Evidence base and critical appraisal

Man in library with iPad

Accurate, evidence based information is a cornerstone of high quality information for patients and the public. There are a number of types of ‘evidence’, for example, scientific and clinical evidence such as research studies, systematic reviews and clinical guidelines; evidence from patients and carers about their experiences; and evidence from practice, particularly in areas of health where they may be little research. All have their place in the production of health information.

This page explores clinical and scientific evidence and is intended to introduce you to the concept of evidence-based medicine in relation to clinical evidence, and look at how you can use it to produce accurate, reliable and trustworthy information.

Further support and information can also be found on the PIF Toolkit, which contains best practice and useful links to support the creation of accurate and reliable health information.

Information that is not evidence-based relies on other sources:

  • Opinion (‘the doctor said it, so it must be true’)
  • Experience (‘it worked for me’)

The history of medicine is full of examples of things doctors thought were true, before they were scientifically tested and shown to be wrong. And while experience is powerful, it can be misleading. If I get better from a cold five days after drinking herbal tea, does it mean the tea cured me? No, because I would have got better any way. It’s a co-incidence.

Information based on evidence relies on the results of tests, done as fairly as possible to give a reliable answer. Fair tests can be repeated, to check that the results weren’t just down to chance.

Fair tests

Asking a question

You need to be clear about the question you want to answer, before you start looking for the evidence. The type of evidence you need, will depend on the question you ask.

The best fair test for most treatments is the randomised controlled trial. In a randomised controlled trial, people are allocated different treatments randomly (to avoid doctors choosing patients they think will do well on certain treatments) and the treatment group results are compared. If only one treatment is being tested, it will be compared to a dummy (placebo) treatment. This is the control group.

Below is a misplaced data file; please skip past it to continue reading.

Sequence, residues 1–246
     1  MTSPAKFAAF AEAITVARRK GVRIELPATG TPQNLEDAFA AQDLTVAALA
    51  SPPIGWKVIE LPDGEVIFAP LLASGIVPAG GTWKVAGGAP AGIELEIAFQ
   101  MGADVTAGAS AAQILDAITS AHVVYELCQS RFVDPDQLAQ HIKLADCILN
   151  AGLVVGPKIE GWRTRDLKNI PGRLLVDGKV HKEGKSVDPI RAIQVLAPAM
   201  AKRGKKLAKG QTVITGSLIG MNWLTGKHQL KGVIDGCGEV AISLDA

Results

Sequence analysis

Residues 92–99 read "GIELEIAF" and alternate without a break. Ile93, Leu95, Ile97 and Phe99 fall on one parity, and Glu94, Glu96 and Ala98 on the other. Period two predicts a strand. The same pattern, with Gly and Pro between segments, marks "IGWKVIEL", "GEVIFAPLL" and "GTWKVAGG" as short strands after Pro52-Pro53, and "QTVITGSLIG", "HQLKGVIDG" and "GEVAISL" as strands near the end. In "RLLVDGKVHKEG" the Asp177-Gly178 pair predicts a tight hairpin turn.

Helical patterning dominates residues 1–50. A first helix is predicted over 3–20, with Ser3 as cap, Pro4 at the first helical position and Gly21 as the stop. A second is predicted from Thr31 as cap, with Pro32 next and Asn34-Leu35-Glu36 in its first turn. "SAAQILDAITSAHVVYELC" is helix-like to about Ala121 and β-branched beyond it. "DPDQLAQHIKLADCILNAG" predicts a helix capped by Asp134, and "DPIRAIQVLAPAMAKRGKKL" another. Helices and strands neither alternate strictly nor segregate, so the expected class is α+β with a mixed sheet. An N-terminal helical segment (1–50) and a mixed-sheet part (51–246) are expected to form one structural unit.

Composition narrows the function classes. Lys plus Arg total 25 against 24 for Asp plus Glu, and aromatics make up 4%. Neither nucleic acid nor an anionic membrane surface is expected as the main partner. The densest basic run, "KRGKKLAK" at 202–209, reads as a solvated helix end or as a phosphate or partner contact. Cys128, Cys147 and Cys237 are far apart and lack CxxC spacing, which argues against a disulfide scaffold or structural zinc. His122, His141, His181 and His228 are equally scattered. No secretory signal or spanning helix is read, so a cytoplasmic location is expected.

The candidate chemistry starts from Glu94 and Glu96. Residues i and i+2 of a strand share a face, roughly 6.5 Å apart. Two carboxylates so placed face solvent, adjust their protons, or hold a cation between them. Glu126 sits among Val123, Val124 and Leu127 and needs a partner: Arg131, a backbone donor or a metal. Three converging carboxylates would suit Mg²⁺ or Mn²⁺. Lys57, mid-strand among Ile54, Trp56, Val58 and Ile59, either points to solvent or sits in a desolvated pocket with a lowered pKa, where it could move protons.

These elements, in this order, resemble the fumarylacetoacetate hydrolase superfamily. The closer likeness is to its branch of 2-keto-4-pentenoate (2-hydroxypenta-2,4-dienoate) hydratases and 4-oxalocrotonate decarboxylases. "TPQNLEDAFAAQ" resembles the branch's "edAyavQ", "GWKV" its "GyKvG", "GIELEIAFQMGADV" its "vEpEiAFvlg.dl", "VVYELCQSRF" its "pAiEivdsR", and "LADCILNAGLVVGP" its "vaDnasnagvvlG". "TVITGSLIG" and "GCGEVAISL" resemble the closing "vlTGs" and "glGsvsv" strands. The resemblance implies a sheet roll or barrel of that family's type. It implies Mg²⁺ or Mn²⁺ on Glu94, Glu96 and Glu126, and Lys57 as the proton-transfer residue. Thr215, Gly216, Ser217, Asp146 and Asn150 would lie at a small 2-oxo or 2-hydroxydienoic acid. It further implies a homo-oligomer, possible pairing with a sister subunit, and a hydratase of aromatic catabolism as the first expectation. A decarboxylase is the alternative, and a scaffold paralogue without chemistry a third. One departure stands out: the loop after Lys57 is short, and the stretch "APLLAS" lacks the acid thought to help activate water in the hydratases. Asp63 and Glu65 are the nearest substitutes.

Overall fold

Trials are often ‘blinded’, which means the patient doesn’t know which treatment they’re getting, or ‘double blinded’ which means neither the patient nor doctor knows until the end of the trial. This helps reduce bias from people expecting a certain treatment to work well.

But other studies, such as observational trials, are important too, especially in areas where it’s difficult to carry out a randomised controlled trial. Observational studies record what people are doing (for example taking medicines, eating a particular diet) and look to see what happens to them.

Keeping up to date with evidence can be time consuming, there’s a vast amount of evidence published every day, in medical journals, at conferences, or press released by companies and universities.

You need to be clear about the question you want to answer, before you start looking for the evidence. The type of evidence you need, will depend on the question you ask. Click here to review the Types of evidence.

When searching for evidence, you need to set rules beforehand on where you’ll look and what type of studies you’ll include, to guard against ‘cherry-picking’ the information. This is called having a search strategy.  The best way to look for evidence is to carry out a systematic review.

You need rules about which studies are good enough to include in your review, or you end up with a summary of lots of unreliable studies.  The process of checking studies against these inclusion/exclusion criteria, and of assessing the quality of the evidence, is called critical appraisal.

PIF has published an introduction to the different types of evidence for patient information, and advise on which source to use when.

Top Tips


  1. Library services can support you in finding evidence. Often they will do literature searches for you and / or provide training on how to do a literature search. They will also source evidence for you and may even provide an updating service.
  2. You do not have to do a systematic review before writing a patient leaflet. There are lots of groups carrying out systematic reviews, and lots of groups using them to set guidelines.
  3. It is good practice to include references and footnotes in patient information and be prepared to share this if asked. You might also have a link on your leaflet to further sources of information on your website, for example.
  4. If a doctor wrote a leaflet, it does not automatically mean that it is evidence-based.  How does the doctor know his information is up-to-date? It’s important to ask doctors to give sources for their information, too.
  5. Leaflets should be dated and regularly reviewed. At review, you should check that the information in the leaflet hasn’t changed, by looking at a reliable source of evidence.
  6. Evidence –based information does not have too difficult for patients to understand. You don’t have to use complicated language to explain about studies. The important thing is that the information you provide is based on good quality sources of evidence.


Acknowledgement: Sarah Smith, PiF and Anna Sayburn, Head of Consumer Health, BMJ Evidence Centre
Page last updated: 2/1/2018